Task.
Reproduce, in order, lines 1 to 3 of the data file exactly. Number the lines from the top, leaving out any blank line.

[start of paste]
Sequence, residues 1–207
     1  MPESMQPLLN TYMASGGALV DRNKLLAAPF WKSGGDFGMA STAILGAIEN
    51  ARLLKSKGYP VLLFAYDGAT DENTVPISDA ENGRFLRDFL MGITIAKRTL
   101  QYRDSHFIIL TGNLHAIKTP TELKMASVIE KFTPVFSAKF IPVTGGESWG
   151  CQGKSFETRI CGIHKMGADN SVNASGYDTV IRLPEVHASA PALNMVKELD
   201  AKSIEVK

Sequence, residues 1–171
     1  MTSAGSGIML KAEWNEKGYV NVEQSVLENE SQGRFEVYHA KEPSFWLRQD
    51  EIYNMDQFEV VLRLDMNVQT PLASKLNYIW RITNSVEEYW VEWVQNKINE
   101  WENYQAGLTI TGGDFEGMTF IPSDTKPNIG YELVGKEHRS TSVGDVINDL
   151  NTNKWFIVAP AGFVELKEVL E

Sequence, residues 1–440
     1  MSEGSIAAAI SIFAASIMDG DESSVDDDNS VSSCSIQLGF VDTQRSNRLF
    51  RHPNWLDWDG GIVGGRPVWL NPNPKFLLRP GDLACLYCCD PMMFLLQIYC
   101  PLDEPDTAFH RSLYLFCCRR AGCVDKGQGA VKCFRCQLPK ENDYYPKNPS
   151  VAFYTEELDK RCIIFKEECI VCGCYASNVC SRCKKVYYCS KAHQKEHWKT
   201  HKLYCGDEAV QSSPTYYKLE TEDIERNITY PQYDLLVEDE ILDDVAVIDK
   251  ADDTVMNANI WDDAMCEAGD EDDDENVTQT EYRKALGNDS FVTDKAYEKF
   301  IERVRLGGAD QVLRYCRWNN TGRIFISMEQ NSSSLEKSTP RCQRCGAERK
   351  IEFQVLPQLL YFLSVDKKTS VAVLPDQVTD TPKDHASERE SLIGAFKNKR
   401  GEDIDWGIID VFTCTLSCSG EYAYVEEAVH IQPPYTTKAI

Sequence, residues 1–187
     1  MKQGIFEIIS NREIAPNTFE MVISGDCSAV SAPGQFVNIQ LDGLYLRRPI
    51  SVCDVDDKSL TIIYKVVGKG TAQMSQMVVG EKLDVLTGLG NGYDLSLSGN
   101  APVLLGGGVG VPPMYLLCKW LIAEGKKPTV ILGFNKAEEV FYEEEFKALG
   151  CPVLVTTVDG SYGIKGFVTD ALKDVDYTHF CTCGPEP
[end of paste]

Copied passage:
Sequence, residues 1–207
     1  MPESMQPLLN TYMASGGALV DRNKLLAAPF WKSGGDFGMA STAILGAIEN
    51  ARLLKSKGYP VLLFAYDGAT DENTVPISDA ENGRFLRDFL MGITIAKRTL